The Heart Failure Association of the European Society of Cardiology has released a position paper detailing different heart failure treatment options for patients with type 2 diabetes in the European Journal of Heart Failure.
Metformin is typically recommended as the first choice in treating type 2 diabetes in patients with heart failure, and sulfonylureas and insulin typically follow, despite their lack of concrete safety in patients with heart failure. Treating heart failure in patients with type 2 diabetes is not currently subject to restrictions, as research has suggested that no single heart failure therapy is significantly more effective in the general population than any other.
Both dipeptidyl peptidase-4 (DPP-4) inhibitors and glucagon-like preptide-1 receptor agonists have been ineffective in reducing the risk for heart failure hospitalization, although a DPP-4 inhibitor called saxagliptin actually appears to increase the risk. Rosiglitazone and pioglitazone similarly increase risk in those with, or in danger of experiencing, heart failure. Canagliflozin and empagliflozin, 2 sodium-glucose co-transporter-2 inhibitors, have demonstrated a lower risk for heart failure hospitalization for patients with established or potential cardiovascular disease. The possible effectiveness of these inhibitors for patients who do not have type 2 diabetes with preserved (HFpEF) and reduced ejection fraction (HFrEF) heart failure should become clear with results from several trials in progress.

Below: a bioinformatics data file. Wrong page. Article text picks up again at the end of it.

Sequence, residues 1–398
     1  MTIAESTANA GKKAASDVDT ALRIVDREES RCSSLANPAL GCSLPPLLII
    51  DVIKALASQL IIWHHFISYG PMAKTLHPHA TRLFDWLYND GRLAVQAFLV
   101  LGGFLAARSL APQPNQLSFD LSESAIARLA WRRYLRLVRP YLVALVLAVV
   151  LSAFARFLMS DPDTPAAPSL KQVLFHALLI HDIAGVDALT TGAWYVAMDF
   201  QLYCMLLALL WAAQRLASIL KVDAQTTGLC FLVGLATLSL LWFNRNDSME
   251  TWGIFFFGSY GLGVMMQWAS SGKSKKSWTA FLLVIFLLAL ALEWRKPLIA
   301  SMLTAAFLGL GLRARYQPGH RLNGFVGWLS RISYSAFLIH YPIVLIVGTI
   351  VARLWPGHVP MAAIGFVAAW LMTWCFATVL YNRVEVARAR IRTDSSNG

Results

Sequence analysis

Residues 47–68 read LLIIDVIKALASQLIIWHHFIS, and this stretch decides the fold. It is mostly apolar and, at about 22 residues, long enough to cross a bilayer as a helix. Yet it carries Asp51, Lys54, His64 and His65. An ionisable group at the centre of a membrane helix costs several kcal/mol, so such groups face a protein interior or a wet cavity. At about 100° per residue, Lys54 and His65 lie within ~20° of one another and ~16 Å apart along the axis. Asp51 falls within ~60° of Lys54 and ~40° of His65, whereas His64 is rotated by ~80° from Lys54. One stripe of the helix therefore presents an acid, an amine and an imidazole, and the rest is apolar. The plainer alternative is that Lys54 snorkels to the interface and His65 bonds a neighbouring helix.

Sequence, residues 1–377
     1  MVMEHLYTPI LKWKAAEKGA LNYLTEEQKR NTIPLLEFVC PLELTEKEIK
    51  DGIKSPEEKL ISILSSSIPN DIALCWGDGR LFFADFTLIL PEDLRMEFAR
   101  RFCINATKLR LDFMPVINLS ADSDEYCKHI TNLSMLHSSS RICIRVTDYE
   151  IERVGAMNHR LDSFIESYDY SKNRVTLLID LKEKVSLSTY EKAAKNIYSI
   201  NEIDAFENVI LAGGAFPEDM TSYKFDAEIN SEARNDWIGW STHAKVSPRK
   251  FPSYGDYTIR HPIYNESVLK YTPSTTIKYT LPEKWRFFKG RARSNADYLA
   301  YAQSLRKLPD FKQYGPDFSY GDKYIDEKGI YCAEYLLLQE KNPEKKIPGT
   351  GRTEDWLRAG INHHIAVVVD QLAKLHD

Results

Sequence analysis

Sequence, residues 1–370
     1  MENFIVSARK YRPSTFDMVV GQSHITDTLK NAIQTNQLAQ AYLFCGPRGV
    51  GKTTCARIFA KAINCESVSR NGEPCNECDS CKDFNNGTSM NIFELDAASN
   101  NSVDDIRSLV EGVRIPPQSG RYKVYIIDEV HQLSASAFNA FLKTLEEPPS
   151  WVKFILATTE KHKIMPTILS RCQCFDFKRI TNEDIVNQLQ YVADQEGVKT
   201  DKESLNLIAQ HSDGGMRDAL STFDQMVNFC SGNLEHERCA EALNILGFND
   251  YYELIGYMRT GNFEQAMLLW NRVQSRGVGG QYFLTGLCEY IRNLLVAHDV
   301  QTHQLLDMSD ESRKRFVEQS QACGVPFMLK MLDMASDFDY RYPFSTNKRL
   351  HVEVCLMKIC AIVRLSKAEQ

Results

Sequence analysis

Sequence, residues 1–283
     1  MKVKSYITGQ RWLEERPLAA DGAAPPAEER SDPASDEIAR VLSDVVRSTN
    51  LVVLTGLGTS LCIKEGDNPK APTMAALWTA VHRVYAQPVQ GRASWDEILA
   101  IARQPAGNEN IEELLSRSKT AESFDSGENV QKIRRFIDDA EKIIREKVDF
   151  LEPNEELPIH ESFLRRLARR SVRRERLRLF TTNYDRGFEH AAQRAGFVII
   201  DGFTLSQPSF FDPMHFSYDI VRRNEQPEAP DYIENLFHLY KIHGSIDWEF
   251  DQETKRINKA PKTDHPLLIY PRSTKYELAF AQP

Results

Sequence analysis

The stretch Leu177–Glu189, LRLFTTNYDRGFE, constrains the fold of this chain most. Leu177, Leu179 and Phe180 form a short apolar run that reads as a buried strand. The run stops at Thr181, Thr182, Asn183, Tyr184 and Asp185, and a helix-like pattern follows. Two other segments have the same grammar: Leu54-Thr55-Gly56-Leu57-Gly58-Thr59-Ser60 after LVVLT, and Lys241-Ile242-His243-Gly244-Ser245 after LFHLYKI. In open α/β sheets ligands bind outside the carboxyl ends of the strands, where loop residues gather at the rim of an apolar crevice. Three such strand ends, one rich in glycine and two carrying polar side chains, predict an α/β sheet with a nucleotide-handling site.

Type 2 diabetes is coexistent with both HFpEF and HFrEF in 30 to 40% of patients. This condition is correlated with cardiovascular and all-cause mortality, as well as an increased risk for hospitalization for heart failure. Among patients with type 2 diabetes, arterial hypertension, artery disease, and myocardial detriment due to type 2 diabetes are the main causes of heart failure.
Researchers confirm that there is “significantly higher risk of adverse outcomes in patients with [heart failure] and [type 2 diabetes mellitus], including a higher risk for hospitalization and rehospitalization for [heart failure], as well as increased all-cause and CV mortality, independent of [heart failure] aetiology or phenotype (ie HFrEF and HFpEF).”
Seferović PM, Petrie MC, Filippatos GS, et al. Type 2 diabetes mellitus and heart failure: a position statement from the Heart Failure Association of the European Society of Cardiology [published online March 8, 2018]. Eur J Heart Fail. doi: 10.1002/ejhf.1170